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DLR fare-dodging clampdown success ‘due to franchise specifications’

Docklands Light Railway (DLR) has revealed how it used requirements in its franchise partnership to tackle fare evasion in an interview with RTM.

An RTM Freedom of Information request found that DLR has lost £3.3m to fare evasion since 2010, but it has reduced the amount lost per year over a third.

In 2010-11, 1.4 million passengers, or 1.8% of the total, travelled on DLR without paying – at a cost of £1.6m.

The figures decreased to 840,000 passengers and £1m in revenue in 2012-13, before rising again to 970,000 passengers and £1.2m in 2013-14.

However, since then they have undergone a steady decrease. The figures for 2015-16 show fare evasion is at the lowest level ever, with 740,000 passengers, or 0.6% of the total, evading fares – at a cost of £999,000.

“We’ve put a lot of effort in this area, especially when this new franchise started two years ago,” Mark Davis, head of franchise and concessions at DLR, told RTM.

KeolisAmey won the contract to operate DLR from Serco in 2014. Davis said that as part of the bidding process, TfL specified how many tickets had to be checked every period and how many blocks had to be in place.

It also said the blocks had to take place at a wider range of times, and that where there were higher levels of evasion at a station than expected, a plan had to be developed to tackle it.

In addition, the franchise put more emphasis on on-board staff walking down the train to assist with passenger queries and check tickets.

Davis told RTM that the consequence of this process had been a month-on-month increase in the rate of tickets being checked. In the most recent four-week period, 11.5% of all tickets were checked.

“The tickets are being checked more than they used to,” Davis continued, “and I think that is important, not just as a message to the people that aren’t buying a ticket that we will catch you, but actually giving reassurance to the people that are spending their hard-earned money that we’re actually making sure that the ones that don’t, we catch.”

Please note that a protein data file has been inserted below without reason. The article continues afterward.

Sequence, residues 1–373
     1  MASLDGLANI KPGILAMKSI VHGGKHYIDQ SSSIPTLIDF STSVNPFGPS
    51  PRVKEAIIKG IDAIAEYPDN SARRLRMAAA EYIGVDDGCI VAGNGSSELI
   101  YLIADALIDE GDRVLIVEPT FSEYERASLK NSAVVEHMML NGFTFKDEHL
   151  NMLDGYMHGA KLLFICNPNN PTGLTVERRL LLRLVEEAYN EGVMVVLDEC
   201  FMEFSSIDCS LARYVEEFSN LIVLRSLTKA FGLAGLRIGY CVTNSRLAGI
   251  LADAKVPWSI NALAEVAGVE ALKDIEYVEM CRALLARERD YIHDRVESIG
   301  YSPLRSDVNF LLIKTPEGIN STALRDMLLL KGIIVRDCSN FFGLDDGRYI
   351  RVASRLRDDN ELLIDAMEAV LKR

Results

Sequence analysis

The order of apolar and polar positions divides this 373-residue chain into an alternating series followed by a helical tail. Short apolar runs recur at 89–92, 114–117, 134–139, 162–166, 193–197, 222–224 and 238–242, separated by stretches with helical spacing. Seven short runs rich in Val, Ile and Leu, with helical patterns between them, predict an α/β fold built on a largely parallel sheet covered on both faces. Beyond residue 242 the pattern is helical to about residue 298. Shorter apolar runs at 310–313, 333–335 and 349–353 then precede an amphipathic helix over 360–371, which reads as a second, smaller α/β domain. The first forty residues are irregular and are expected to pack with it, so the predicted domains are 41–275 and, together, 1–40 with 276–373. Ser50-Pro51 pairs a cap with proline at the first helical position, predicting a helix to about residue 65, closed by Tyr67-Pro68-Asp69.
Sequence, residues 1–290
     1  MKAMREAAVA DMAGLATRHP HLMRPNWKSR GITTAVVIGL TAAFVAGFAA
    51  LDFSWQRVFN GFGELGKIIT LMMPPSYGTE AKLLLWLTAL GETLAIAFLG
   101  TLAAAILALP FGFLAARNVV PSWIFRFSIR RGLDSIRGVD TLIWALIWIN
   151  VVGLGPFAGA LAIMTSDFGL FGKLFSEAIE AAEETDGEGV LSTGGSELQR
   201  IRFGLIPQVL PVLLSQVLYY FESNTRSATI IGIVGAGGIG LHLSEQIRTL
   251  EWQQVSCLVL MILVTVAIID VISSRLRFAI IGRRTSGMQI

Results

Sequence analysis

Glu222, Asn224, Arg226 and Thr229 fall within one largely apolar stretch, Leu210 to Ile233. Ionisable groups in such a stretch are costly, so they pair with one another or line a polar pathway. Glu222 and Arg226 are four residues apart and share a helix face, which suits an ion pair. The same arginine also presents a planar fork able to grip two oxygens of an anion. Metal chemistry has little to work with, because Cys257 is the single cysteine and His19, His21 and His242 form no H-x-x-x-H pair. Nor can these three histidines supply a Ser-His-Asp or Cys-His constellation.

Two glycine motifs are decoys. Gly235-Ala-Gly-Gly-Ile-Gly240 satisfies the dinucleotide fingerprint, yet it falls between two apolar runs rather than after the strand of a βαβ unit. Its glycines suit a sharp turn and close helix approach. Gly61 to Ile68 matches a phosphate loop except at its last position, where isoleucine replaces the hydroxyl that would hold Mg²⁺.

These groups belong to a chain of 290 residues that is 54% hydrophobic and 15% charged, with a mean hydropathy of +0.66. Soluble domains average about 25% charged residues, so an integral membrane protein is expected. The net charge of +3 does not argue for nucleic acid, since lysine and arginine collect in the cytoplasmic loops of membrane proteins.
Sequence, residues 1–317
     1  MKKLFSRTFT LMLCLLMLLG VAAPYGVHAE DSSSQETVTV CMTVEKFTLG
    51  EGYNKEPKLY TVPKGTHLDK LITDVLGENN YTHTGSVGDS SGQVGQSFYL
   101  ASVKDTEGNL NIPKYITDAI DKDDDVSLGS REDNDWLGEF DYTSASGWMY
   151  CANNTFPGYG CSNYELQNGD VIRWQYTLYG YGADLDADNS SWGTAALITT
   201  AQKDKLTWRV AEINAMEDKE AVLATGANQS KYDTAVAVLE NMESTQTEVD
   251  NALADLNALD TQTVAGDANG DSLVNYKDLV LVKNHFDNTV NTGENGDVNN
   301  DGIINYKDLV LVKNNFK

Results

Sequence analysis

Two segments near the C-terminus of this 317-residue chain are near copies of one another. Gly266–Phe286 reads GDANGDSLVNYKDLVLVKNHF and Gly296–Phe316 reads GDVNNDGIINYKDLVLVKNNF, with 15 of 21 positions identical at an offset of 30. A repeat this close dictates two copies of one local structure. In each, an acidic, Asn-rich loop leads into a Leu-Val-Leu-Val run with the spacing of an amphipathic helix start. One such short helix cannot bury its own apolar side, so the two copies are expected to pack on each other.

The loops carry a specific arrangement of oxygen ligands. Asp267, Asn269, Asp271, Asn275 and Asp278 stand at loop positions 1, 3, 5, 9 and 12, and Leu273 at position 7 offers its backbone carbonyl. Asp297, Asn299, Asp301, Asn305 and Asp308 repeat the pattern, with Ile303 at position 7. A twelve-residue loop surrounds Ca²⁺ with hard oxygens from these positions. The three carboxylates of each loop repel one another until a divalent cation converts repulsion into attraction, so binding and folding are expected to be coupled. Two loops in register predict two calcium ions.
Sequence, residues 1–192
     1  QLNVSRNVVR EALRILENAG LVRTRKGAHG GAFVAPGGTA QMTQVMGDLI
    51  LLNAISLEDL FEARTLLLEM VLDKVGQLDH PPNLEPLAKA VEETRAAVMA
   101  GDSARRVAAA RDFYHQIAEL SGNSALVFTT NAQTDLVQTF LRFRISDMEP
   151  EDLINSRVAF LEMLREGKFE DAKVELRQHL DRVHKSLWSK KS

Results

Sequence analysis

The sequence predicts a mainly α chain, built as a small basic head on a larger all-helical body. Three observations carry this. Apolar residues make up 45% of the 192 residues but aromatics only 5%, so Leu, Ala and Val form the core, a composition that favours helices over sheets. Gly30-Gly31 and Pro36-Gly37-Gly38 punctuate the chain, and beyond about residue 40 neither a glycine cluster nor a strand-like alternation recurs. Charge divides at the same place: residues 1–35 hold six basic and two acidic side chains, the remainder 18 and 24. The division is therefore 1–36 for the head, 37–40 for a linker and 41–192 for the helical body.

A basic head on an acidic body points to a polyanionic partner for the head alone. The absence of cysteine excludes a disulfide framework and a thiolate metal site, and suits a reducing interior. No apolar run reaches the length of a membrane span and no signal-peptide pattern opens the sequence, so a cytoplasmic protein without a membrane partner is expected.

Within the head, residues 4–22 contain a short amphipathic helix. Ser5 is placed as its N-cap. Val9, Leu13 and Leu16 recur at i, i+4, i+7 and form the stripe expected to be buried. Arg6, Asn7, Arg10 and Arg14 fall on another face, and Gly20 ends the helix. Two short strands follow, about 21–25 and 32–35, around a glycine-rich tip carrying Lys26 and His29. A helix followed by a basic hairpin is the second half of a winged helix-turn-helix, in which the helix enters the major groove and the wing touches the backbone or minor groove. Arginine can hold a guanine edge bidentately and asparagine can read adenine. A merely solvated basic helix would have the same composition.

The changes were so successful, he added, that they “have had a couple of complaints from passengers come in to say ‘my ticket’s being checked too much’, which I’m not sure if it’s a nice problem to have or not”.

This week, a report into ticket office closures on the London Underground revealed that many passengers felt staff were increasingly absent in stations. Davis said he couldn’t comment on another TfL service and that DLR stations were unstaffed, but agreed that staff visibility on the trams is important.

“We believe that our staff are quite visible on our services, and our customer satisfaction levels show that our customers think that as well,” he added.

The new franchise contract also allows DLR to access the TfL database in order to identify persistent fare dodgers on all TfL transport systems. Repeat offenders can be prosecuted through the courts instead of paying the standard £80 fare.

Davis argued that another factor in DLR’s success was closer relationships with British Transport Police. This has meant that officers and PCSOs are stationed at high-risk stations and are positioned to help where there is a chance of conflict with fare dodgers.

A separate FoI request by RTM found that fare-dodging has cost Manchester’s Metrolink £8m over three years, with 5.5% of passengers observed travelling without a ticket.

(Image c. TfL)

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Martin Walton   09/12/2016 at 15:55

Maybe something to be noted on Manchester Metrolink which seems to suffer greatly from the fare evasion problem, costing the operators dearly?

J, Leicester   12/12/2016 at 09:49

It should be pretty simple to stop faredodging on a driverless system. Just implement platform doors with some sort of preventative measure for those who haven't "tapped in" or out, or additional turnstiles at all stations. That being said, the reduction is impressive - 0.6% is likely far lower than the national network, or at less well-staffed Tube stations.

PML   17/12/2016 at 09:46

This looks like a step in the right direction. The next step should be to roll this style of ticket checking widely across all public transport nationally, and at the same time remove all ticket gates, and increase the penalties for fare dodging. Take a look at the public transport systems in Berlin and Copenhagen for examples.

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